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District of Columbia Civil Rights Laws

The right to receive equal treatment under the law, regardless of skin color or other arbitrary classifications, is referred to as civil rights. Laws meant to protect civil rights are enforced by a combination of federal and state laws. Civil rights statutes are primarily focused on protecting minorities, the disabled, women, and other historically marginalized groups of people from being treated unequally. Civil rights laws pertain to employment, public access, and housing.

Washington, D.C. Civil Rights Laws at a Glance

In addition to the federally recognized classifications -- such as race, national origin, and disability -- the District of Columbia also prohibits discrimination on the basis of sexual orientation, gender identity/expression, and political affiliation. While the district allows private lawsuits for most claims, disability claims are typically filed through the federal Equal Employment Opportunity Commission.

Contact the District of Columbia Office of Human Rights to learn more about how to file a discrimination complaints.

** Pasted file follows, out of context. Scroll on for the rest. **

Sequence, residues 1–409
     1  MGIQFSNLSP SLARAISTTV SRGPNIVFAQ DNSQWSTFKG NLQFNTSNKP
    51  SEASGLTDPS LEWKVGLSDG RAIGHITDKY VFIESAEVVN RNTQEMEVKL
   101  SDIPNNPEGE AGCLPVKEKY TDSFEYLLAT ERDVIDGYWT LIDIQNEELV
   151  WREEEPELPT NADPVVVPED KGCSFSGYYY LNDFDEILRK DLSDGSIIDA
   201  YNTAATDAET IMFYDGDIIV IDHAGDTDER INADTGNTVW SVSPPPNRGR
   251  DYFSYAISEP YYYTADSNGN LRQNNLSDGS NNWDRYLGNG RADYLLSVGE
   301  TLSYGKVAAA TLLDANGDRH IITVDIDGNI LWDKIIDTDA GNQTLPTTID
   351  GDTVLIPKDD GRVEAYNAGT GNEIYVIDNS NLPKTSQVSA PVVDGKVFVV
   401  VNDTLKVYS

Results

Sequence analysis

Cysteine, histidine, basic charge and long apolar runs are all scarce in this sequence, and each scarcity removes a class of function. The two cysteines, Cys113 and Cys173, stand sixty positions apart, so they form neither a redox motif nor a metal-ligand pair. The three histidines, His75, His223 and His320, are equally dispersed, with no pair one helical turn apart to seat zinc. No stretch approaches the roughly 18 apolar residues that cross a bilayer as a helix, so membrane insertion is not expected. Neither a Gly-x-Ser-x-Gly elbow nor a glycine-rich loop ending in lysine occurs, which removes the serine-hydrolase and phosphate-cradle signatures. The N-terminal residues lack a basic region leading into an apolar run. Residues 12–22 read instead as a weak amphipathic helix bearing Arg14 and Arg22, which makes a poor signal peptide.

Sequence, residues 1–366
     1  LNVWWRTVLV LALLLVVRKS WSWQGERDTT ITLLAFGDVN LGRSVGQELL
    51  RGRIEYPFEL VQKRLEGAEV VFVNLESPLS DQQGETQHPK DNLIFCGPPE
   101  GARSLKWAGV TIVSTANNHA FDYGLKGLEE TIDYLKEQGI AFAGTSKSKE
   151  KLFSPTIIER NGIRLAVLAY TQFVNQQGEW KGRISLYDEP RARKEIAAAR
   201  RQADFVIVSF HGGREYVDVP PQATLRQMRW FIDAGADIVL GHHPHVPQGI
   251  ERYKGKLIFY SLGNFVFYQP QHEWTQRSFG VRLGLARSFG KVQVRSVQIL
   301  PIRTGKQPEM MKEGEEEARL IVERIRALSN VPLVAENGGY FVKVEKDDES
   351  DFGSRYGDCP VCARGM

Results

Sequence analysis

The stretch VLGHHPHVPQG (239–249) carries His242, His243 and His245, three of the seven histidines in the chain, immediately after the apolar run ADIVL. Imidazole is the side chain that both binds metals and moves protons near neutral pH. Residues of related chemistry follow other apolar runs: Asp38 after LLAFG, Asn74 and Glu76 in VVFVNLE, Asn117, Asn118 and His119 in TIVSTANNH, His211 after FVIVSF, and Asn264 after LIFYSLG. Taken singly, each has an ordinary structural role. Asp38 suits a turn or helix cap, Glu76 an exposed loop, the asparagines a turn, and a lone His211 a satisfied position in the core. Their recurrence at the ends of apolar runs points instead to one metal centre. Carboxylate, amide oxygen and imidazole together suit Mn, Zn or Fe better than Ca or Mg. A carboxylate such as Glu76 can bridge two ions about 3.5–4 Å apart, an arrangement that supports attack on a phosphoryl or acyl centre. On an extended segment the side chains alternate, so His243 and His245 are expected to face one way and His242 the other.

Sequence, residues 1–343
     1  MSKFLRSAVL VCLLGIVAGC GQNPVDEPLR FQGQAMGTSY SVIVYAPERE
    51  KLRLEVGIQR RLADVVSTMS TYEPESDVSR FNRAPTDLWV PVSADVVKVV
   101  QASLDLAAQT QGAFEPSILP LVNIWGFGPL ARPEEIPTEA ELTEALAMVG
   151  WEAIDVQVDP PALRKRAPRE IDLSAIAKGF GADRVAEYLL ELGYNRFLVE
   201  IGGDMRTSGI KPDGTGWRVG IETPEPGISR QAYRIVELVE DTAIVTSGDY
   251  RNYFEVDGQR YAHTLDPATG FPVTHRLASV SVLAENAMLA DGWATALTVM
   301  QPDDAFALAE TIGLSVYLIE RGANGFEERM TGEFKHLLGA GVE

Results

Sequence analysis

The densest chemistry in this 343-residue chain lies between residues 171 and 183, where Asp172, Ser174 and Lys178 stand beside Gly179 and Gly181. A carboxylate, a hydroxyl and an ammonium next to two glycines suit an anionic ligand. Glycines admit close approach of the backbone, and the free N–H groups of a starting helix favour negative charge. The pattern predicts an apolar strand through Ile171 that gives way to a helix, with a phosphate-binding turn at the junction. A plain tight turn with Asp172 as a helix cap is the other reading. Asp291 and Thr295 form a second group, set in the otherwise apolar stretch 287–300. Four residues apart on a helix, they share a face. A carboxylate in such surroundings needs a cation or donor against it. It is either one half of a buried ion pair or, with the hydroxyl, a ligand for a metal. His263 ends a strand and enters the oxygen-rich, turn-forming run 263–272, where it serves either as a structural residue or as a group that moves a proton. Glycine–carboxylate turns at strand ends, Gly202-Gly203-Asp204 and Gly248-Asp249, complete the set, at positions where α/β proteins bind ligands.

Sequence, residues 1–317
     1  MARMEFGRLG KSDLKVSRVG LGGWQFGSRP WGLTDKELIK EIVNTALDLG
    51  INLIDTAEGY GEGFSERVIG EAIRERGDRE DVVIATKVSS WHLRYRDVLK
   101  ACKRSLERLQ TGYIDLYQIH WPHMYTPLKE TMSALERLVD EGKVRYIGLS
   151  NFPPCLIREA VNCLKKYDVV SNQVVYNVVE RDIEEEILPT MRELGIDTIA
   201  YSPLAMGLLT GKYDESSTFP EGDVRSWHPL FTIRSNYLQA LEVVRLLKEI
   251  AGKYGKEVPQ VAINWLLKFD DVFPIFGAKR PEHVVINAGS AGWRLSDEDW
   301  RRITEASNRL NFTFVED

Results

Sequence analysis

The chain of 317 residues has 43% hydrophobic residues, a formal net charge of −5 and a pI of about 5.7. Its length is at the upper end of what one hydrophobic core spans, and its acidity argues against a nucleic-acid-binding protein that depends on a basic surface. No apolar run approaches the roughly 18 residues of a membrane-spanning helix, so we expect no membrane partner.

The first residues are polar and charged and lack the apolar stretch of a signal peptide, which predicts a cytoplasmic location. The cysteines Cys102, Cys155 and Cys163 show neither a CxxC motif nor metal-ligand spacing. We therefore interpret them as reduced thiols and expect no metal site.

Additional details about Washington D.C.'s civil rights laws are listed in the following table. See FindLaw's Discrimination section for more articles and resources.

Code Section 2-1401.01, et seq. (Generally); 7-1001, et seq. (Handicapped)

Prohibited Acts


Discrimination on the basis of the actual or perceived race, color, religion, national origin, sex, age, marital status, personal appearance, sexual orientation, gender identity or expression, family responsibilities, genetic information, disability, matriculation, or political affiliation of any individual.
Exceptions (Employment)
  • Observing the conditions of a bona fide seniority system or a bona fide employee benefit system such as retirement, pension or insurance plan which is not a subterfuge to evade the purposes of this chapter, except that no such employee seniority system or benefit plan shall excuse the failure to hire any individual.
  • Prescribing minimum and maximum age limits for appointment to the police officer and firefighter cadet programs.
Agency Generally: Commission on Human Rights; Handicapped: None
Administrative Preemption No
Private Action Permitted? Generally: Yes; Handicapped: No
Attorney Fees Recoverable by Plaintiff? Generally: Yes; Handicapped: No
Statute of Limitations Generally: 1 yr.; Handicapped: Not specified

Note: State laws are subject to change at any time through the enactment of new legislation, decisions from higher courts, and other means. You should consider contacting a District of Columbia civil rights attorney or employment law attorney, or conducting your own legal research to verify the state law(s) you are researching.

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